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New California Law Helps Make Dreams Come True

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Today is the last day of Kwanzaa, when the principle of Imani, or faith, is celebrated. As an atheist, faith for me comes from a belief in the inherent goodness of people to respect and take care of one another, not from some fictitious character living up on high, pronouncing angry “judgement” down upon all the creatures below.

California Dream Act

This new year my home state of California has strengthened my faith in our culture, and in humanity, by passing the California Dream Act, which becomes law today. This intelligent new legislation allows for any academically qualified student, who has graduated from a California high school, to be able to receive financial aid to attend college in the state, regardless of their immigration status. According to U.S. News & World Report:

“When the California Dream Act goes into effect in 2013, about 2,500 undocumented college students will qualify for waivers, Cal Grants and other aid at a cost of $59.1 million, predicts the Department of Finance. That includes $15 million in community college fee waivers. 

That’s a small price to pay, argue advocates for expanded college access.

California’s economy will need a million more college graduates by 2025, says Audrey Dow, community affairs director of The Campaign for College Opportunity.”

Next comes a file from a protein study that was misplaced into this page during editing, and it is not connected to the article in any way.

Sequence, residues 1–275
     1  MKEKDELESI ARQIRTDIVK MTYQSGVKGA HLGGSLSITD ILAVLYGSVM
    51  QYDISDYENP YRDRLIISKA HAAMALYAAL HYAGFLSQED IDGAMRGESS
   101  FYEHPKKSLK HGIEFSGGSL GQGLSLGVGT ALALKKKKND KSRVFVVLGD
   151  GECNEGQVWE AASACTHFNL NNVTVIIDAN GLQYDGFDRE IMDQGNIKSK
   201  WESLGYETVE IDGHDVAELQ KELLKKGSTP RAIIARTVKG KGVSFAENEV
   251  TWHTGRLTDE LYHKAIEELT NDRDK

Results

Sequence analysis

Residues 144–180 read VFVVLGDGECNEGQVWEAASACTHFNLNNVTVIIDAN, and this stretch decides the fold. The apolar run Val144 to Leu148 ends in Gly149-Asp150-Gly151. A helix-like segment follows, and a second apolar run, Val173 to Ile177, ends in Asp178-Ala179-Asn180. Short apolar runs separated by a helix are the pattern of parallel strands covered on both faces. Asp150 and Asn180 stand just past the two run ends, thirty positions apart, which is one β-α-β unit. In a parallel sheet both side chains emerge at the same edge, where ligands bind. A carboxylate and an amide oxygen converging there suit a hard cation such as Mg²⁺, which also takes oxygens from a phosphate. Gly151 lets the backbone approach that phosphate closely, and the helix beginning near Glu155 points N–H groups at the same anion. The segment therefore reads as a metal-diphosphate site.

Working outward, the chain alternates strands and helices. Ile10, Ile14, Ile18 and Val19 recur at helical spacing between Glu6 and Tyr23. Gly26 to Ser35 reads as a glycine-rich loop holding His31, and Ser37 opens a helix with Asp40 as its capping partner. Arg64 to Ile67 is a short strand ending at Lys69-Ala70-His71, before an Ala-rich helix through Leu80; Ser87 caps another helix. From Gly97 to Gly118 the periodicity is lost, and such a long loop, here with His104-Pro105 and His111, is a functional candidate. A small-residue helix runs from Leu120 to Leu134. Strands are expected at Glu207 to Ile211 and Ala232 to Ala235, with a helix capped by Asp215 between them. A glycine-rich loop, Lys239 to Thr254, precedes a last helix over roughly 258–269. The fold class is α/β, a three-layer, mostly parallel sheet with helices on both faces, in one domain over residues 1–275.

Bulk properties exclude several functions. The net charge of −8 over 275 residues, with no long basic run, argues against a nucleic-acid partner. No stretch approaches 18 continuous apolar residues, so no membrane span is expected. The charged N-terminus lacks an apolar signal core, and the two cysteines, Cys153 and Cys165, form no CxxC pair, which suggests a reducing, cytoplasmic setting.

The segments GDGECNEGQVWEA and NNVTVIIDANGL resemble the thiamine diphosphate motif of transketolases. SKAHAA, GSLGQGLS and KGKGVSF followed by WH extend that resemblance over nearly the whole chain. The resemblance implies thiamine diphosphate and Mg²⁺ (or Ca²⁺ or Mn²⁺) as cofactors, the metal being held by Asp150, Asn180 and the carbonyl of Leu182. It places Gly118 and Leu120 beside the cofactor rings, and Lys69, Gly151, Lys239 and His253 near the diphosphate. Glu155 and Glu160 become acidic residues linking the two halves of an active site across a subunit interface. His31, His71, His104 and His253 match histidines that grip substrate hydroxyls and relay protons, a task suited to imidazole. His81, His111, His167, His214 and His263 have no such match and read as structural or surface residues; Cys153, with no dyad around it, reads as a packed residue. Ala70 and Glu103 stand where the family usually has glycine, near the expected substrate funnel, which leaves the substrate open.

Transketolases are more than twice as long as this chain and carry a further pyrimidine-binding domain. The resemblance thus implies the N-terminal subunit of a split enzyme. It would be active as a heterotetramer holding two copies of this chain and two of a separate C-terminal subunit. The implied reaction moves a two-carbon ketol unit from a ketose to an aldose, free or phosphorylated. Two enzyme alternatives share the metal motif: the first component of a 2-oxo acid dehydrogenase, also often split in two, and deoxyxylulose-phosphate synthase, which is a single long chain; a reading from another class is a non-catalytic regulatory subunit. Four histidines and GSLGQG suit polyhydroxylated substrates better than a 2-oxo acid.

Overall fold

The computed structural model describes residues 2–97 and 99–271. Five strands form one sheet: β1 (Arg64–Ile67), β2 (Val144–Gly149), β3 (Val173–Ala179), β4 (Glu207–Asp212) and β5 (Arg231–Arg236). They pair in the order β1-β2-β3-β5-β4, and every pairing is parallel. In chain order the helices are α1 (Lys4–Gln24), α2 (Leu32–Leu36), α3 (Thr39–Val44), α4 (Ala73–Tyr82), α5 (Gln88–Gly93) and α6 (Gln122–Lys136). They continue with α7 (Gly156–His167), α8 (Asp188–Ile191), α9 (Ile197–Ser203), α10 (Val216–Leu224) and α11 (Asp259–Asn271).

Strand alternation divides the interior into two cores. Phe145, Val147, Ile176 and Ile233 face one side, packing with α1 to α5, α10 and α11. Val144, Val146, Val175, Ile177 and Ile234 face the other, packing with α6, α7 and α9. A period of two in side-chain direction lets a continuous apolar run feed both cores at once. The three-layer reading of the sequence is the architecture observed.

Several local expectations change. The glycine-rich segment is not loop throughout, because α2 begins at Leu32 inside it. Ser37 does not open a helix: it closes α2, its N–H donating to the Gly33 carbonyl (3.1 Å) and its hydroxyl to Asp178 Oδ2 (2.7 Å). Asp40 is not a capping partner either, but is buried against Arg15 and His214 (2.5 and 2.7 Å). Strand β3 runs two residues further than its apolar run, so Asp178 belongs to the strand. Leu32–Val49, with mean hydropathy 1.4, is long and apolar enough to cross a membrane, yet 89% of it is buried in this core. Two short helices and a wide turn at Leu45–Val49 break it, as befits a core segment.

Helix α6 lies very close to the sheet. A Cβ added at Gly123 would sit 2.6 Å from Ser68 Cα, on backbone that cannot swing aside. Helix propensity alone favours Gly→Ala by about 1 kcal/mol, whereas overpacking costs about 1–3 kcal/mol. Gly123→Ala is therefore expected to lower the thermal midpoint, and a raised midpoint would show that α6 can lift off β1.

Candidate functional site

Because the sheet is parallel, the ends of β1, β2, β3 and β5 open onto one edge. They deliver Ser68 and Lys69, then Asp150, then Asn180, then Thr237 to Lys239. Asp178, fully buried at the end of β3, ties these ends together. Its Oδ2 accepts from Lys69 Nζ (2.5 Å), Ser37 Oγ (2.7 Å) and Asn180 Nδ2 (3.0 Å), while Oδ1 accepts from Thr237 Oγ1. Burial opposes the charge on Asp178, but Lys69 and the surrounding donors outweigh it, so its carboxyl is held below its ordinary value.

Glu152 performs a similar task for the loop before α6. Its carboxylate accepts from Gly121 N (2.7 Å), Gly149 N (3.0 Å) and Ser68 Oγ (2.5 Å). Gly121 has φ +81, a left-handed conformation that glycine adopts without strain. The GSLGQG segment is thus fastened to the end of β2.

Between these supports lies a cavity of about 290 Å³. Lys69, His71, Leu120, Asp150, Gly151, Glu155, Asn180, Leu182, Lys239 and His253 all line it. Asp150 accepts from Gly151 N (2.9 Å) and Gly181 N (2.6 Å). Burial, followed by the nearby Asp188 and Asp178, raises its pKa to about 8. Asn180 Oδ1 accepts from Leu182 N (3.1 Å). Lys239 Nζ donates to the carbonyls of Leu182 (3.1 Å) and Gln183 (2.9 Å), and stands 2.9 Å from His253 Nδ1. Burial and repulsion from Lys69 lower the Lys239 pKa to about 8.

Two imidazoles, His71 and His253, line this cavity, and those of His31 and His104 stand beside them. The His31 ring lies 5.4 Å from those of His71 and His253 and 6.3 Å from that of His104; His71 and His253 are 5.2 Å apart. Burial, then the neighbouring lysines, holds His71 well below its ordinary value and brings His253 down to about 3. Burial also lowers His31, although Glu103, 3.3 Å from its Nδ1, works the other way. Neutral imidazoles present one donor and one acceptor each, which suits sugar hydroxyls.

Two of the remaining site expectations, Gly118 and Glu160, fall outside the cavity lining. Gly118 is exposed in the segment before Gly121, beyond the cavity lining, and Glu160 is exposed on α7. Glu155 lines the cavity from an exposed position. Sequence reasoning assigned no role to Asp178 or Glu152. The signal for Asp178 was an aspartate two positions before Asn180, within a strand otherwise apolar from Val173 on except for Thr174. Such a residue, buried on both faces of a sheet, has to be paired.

Free College for Everyone?

Having an educated informed populace, capable of critical thinking, is always a good thing. Education is one of the few things that can help lift people out of poverty. I know this from first hand experience; and I would never have been able to attend college or grad school in California without substantial financial aid and assistance.

Beth over at one of our sister blogs, Insteading, just wrote about how some expensive colleges are now making many of their classes available for free online. This is most sensible; all education should be free, as it already is in most industrialized nations.

Anything that can be done to make education more accessible to as many people that want it is positive. But the fact that my home state has passed this progressive legislation in a climate of rabid right-wing anti-immigrant hysteria elsewhere in the nation is something truly profound. Please remember that we are all immigrants.



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